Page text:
"Life is Never Still"
The tragedy has given me an insight on a very deep level: What happens to others happens to all of us.
I am profoundly sorrowful.
Theater for the New City, Crystal Field, Executive Artistic Director, in association with the cell,
A Twenty First Century Salon
, present The Hive's A MIDSUMMER NIGHT'S ^ Queer DREAM
This is not your grandmother’s A Midsummer Night’s Dream, but one for 21st century NYC—a modern re-imagining of Shakespeare’s classic, which casts Hermia and Lysander as lesbian lovers with Demetrius and Helena as a gay couple. In the midst of the national gay marriage controversies, this production exposes contemporary America's sexual hang-ups and resistance to gay marriage. Concepts of what constitutes gender, sexual orientation and power will be explored and exploded! A wild bacchanal of every fetish imaginable--filled with delectable and dangerous fairies straight out of everyone’s fantasies and fears.
Performances @ Theater for the New City, 155 First Avenue (Between 9th & 10th St.)
Wednesday - Sunday, 8pm
Additional 3pm performance Saturday, May 5th and 12th
Closing Night, Saturday May 19, 2012
$25 General Admission
$20 Students / Seniors
click above logo to purchase tix
Visit The Hive for more information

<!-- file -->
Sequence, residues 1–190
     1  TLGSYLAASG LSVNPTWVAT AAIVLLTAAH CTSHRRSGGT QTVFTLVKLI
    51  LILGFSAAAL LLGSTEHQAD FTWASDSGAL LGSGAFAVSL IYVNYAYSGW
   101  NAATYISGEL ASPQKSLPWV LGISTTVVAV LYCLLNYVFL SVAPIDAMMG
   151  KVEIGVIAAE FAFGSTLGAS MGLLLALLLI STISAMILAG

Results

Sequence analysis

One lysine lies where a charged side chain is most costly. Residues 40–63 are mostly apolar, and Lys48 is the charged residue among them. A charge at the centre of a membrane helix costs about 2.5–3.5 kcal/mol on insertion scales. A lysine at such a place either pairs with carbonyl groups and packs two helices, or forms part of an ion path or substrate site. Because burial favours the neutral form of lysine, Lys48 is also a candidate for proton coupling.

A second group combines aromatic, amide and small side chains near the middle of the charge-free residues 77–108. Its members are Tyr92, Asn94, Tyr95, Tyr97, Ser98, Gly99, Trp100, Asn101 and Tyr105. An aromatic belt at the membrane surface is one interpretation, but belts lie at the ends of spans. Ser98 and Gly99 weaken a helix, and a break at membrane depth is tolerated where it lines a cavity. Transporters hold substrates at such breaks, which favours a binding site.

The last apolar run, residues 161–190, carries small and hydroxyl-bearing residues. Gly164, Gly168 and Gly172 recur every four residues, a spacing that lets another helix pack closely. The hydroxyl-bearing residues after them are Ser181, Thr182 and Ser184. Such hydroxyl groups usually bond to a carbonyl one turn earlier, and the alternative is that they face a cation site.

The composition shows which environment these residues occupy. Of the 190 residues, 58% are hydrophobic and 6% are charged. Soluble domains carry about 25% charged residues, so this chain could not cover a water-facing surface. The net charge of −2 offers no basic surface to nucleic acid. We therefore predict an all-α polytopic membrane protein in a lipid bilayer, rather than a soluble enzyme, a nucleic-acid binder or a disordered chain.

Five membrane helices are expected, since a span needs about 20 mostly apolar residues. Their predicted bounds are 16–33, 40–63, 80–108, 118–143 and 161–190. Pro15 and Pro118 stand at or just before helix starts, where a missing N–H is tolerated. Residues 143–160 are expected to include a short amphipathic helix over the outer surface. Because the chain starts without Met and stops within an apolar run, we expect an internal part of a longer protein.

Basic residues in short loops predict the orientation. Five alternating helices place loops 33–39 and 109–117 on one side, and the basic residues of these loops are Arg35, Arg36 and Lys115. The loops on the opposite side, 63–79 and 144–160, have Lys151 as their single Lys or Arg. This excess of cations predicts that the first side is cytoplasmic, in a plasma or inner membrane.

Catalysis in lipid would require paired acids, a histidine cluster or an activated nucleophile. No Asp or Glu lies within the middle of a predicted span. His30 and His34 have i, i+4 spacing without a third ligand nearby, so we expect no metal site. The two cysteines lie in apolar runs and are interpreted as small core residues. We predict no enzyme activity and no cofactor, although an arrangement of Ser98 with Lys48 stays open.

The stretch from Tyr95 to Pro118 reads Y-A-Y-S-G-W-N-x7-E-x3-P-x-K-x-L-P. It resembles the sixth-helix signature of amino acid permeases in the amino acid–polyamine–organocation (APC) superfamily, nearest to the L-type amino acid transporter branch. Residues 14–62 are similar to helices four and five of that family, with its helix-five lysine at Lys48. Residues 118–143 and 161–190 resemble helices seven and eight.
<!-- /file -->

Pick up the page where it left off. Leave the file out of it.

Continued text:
While the reviews for both our Irish plays, Rated P and Russian Transport have been excellent, I can't figure out why everyone hasn't yet seen them. People, please come out and support not-for-profit theater! Your tax-deductible dollars would be better spent on art than wasted on the wars waged by the crazy politicians who are making a big show of this ridiculous presidential campaign. What kind of world do we want to live in? One of greed and gore, or one of peace and beauty? You tell me. Check out the Irish cell review in Back Stage!
Oh, what a night!
They knotted their ties and tied the knot. The sublime dinner at Per Se was the perfect complement to the sublimely simple ceremony to legalize the union of my son, Jesse, with his partner of 9 years, Adrian. How great to live in a state that, at long last, allows us a simple human freedom...to love.
Martin Scorsese's recent documentary on George Harrison filled me with a deep spiritual satisfaction, both rare and beautiful. As I grapple with the deaths of my friend, Elana, and of my brother, Larry, near the 47th anniversary of my father's passing, I reach for the kind of solace Harrison exuded and Scorsese captured and illuminated in his exquisite film. I am reminded of the song and biblical sentiment, "All things must pass." Indeed. Grief is a mysterious thing. As I go through my daily activities, I find myself at once mourning my loss, as if a part of myself has died with those I love, and celebrating my incredible good fortune; I'm here! Life is sweet and tragic. The end of a short life is tragic while the end of suffering is sweet. Holding these thoughts and emotions in balance is my challenge, maybe the challenge. Many wonderful memories sustain me, as does the music of George Harrison. Who can't relate to the haunting lyrics and chords of "While my Guitar Gently Weeps," or the meditative chant of "My Sweet Lord?" My spiritual quest ebbs and flows like the poignant music of George Harrison. All things must pass is a bittersweet refrain. Time is precious, its passage inevitable. This is my last blog of the year, my last weekly blog, a bittersweet decision. Meantime, enjoy the moment. All things must pass.